Activist Engine Capital urges Kohl’s to consider online sale or split

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People shop at Kohl’s department store amid the coronavirus outbreak on September 5, 2020 in San Francisco, California.

Liu Guanguan | China Information Service | Getty Images

An activist is pressuring Kohl’s to consider a sale or separation of its online business, following a similar move by department store chain Saks Fifth Avenue.

New York-based hedge fund Engine Capital wants Kohl’s to explore both alternatives in an attempt to increase its share price, he said in a letter to Kohl’s board that was released publicly on Monday. Engine Capital has an approximate 1% stake in Kohl’s.

Kohl’s shares closed at $ 48.45 on Friday, roughly where they were trading a decade ago, giving Kohl’s a market value of around $ 7.3 billion, lower than that from Macy’s but more than that from Nordstrom. Kohl’s stock is up about 19% year-to-date, underperforming the S&P 500. Its shares closed up 5.4% on Monday.

Engine Capital said in its letter that assuming Kohl’s generates approximately $ 6.2 billion in online revenue, Kohl’s digital business alone would be worth $ 12.4 billion.

Engine Capital also said it believes there are private equity firms that will pay the retailer at least $ 75 per share. And the investor group said discussions with potential buyers suggest they may further monetize Kohl’s real estate.

“Kohl’s has a unique business footprint compared to many retailers in shopping centers as well as a growing presence in e-commerce,” said Engine Capital.

A spokeswoman for Kohl’s said the retailer’s board and management team are constantly reviewing opportunities to maximize shareholder value.

“Our strong performance this year demonstrates that our strategy is gaining ground and delivering results,” the spokesperson said in an emailed statement. “We value the ongoing dialogue we have with our shareholders and appreciate their contribution and their perspectives.”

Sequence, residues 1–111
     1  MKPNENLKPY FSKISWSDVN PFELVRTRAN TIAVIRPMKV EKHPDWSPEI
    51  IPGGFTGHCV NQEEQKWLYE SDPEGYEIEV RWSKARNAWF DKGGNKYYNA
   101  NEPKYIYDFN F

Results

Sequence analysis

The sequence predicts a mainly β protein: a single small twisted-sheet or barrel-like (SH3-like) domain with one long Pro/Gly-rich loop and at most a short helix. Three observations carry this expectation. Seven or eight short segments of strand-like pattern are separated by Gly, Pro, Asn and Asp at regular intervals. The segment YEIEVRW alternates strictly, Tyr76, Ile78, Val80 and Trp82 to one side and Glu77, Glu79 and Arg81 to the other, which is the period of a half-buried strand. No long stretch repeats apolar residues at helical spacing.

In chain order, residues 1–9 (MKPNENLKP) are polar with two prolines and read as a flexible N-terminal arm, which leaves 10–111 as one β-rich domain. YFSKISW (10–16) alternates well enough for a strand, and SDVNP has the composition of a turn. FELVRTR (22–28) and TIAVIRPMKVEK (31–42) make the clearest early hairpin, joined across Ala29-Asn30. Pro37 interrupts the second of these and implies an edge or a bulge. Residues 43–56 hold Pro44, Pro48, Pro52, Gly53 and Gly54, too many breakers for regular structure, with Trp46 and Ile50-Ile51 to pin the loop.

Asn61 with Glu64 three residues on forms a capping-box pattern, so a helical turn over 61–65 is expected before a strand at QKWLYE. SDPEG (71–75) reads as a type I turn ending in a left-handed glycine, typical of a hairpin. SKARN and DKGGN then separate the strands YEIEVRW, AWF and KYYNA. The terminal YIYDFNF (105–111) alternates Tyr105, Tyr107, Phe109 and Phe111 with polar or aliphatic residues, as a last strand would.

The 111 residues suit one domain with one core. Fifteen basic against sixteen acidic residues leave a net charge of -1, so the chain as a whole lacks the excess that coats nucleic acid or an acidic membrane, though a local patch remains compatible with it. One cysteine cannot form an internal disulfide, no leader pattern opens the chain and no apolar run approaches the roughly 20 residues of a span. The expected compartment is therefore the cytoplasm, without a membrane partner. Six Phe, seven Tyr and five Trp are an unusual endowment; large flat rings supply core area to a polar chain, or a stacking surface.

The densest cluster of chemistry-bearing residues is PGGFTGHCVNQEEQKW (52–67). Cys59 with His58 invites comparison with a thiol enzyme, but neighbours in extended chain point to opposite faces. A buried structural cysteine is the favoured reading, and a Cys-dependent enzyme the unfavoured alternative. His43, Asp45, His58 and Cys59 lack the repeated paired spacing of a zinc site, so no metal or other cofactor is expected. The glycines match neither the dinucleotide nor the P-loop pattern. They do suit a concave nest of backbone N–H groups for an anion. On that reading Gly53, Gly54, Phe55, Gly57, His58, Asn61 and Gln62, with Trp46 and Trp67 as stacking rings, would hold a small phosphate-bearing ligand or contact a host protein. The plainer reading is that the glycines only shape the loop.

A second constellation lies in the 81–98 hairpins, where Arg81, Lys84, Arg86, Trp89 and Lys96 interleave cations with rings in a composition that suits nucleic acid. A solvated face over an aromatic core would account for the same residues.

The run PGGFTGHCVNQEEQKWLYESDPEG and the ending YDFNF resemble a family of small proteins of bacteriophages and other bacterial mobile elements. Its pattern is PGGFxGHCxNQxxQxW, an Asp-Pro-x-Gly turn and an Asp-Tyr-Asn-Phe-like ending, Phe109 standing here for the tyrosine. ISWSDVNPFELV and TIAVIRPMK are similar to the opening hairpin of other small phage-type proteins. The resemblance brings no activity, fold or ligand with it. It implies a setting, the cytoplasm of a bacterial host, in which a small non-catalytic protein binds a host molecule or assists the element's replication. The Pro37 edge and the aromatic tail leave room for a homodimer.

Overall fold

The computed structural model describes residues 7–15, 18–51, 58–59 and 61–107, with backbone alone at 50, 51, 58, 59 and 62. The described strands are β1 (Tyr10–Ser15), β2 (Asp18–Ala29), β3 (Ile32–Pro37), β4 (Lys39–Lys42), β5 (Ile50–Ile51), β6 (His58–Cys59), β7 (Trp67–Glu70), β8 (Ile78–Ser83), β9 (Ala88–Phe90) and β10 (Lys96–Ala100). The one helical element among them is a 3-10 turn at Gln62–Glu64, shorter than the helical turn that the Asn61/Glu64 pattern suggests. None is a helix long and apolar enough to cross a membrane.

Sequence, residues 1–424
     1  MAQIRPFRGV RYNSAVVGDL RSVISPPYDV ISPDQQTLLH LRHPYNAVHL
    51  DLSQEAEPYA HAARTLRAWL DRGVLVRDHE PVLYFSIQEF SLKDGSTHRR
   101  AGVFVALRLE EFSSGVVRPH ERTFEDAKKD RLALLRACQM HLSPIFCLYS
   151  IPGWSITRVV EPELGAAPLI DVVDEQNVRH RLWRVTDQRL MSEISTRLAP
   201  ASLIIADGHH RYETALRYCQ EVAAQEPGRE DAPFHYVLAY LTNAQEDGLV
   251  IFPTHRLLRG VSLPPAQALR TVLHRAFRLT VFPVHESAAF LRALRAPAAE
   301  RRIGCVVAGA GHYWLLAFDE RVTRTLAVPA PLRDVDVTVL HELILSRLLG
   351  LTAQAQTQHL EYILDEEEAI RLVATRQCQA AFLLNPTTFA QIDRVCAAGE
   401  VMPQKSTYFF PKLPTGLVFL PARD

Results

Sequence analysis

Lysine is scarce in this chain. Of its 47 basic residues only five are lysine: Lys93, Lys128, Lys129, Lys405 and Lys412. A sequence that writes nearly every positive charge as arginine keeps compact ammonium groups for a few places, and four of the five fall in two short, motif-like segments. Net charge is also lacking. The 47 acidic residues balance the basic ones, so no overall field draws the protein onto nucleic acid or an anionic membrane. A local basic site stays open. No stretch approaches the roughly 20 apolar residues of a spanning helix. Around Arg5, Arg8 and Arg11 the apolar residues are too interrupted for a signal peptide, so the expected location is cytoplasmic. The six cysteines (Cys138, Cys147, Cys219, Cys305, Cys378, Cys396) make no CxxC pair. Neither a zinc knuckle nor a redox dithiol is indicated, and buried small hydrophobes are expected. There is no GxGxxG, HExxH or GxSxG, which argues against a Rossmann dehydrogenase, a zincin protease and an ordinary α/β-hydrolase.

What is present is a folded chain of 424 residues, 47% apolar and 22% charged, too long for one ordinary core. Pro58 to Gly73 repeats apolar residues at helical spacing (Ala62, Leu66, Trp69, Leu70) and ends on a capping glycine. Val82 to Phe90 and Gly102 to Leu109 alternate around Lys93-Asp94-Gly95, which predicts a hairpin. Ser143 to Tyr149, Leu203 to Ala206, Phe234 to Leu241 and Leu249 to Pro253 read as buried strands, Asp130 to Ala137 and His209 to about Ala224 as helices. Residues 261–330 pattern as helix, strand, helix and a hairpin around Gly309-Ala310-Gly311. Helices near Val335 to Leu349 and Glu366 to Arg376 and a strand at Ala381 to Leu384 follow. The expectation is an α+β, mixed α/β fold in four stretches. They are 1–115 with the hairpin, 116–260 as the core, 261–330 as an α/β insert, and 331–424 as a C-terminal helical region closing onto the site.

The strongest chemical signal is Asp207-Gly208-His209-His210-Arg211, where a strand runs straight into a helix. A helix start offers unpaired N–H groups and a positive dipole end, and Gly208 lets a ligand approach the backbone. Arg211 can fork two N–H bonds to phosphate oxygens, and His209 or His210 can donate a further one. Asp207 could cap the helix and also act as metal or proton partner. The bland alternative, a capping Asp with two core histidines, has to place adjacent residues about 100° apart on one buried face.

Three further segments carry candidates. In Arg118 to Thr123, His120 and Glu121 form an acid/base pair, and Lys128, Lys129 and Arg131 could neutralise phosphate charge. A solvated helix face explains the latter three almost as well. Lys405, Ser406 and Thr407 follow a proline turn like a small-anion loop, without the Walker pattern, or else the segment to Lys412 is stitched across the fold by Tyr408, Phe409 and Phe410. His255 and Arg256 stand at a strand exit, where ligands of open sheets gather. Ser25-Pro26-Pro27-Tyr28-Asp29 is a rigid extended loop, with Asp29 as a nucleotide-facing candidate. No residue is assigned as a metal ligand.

The talks come as investors see the value in owning part of a faster growing e-commerce division with more tech-savvy operations. Saks’ digital arm reportedly now aims to go public with a valuation of 6 billion dollars, or about six times the income. It had a valuation of $ 2 billion as recently as March.

Meanwhile, Macy’s has been urged by activist group Jana Partners to separate its e-commerce operations from its stores, in hopes of achieving greater valuation. Macy’s has since hired the consulting firm AlixPartners to review its business structure.

“We also recognize the significant value the market places on pure e-commerce businesses,” said Jeff Gennette, CEO of Macy’s, on a recent earnings conference call. “And as we take a look at the landscape today, we are undertaking additional analysis that may help inform our long-term strategy to unlock more value for Macy’s.”

Kohl’s has had another recent clash with activist investors who have raised doubts about the direction of the company and tried to take control of its board of directors. The group – Macellum Advisors, Ancora Holdings, Legion Partners Asset Management and 4010 Capital – reached a deal with the retailer in April and added a few independent investor-backed directors to its board.

In 2014, Engine Capital pressured Ann, owner of fashion brands Ann Taylor and Loft, to sell herself. The company did so the following year.

Read the full letter from Engine Capital here.

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